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J Immunol. 2008 Aug 1;181(3):2071-5.

Tyk2-signaling plays an important role in host defense against Escherichia coli through IL-23-induced IL-17 production by gammadelta T cells.

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1
Division of Host Defense, Medical Institute of Bioregulation, Kyushu University, Fukuoka, Japan.

Abstract

Tyrosine kinase 2 (Tyk2), a member of the JAK-signal transducer family, is involved in intracellular signaling triggered by various cytokines, including IL-23. We have recently reported that resident gammadelta T cells in the peritoneal cavity of naive mice produced IL-17 in response to IL-23. In this study, we examined importance of Tyk2-mediated signaling in the IL-17 production by gammadelta T cells using Tyk2 deficient (-/-) mice. Gammadelta T cells in the peritoneal cavity of Tyk2(-/-) mice displayed effecter/memory phenotypes and TCR V repertoire similar to those in Tyk2(+/+) mice and produced comparable level of IL-17 to those in Tyk2(+/+) mice in response to PMA and ionomycin, indicating normal differentiation to IL-17-producing effectors in the absence of Tyk2-signaling. However, gammadelta T cells in Tyk2(-/-) mice produced less amount of IL-17 in response to IL-23 in vitro than those in Tyk2(+/+) mice. Similarly, gammadelta T cells in the peritoneal cavity of Tyk2(-/-) mice showed severely impaired IL-17 production after an i.p. infection with E. coli despite comparable level of IL-23 production to Tyk2(+/+) mice. As a consequence, Tyk2(-/-) mice showed a reduced infiltration of neutrophils and severely impaired bacterial clearance after Escherichia coli infection. These results indicate that Tyk2-signaling is critical for IL-23-induced IL-17 production by gammadelta T cells, which is involved in the first line of host defense by controlling neutrophil-mediated immune responses.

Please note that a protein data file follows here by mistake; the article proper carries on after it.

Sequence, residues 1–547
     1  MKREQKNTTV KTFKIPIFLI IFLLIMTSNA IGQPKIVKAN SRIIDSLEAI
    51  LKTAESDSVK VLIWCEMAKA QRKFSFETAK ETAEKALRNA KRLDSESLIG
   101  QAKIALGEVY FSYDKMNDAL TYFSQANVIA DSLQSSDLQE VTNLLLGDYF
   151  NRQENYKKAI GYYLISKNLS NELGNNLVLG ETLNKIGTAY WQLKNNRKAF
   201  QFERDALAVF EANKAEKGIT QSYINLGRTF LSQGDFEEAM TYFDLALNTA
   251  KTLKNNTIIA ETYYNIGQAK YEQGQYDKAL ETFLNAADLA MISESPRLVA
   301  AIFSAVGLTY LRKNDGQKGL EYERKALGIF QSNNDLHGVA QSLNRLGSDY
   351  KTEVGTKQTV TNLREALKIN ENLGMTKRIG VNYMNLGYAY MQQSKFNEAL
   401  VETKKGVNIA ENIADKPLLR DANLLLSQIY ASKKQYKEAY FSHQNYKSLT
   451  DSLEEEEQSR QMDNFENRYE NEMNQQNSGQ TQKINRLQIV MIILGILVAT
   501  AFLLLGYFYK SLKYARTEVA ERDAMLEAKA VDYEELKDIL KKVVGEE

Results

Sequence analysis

PMID:
18641345
[Indexed for MEDLINE]
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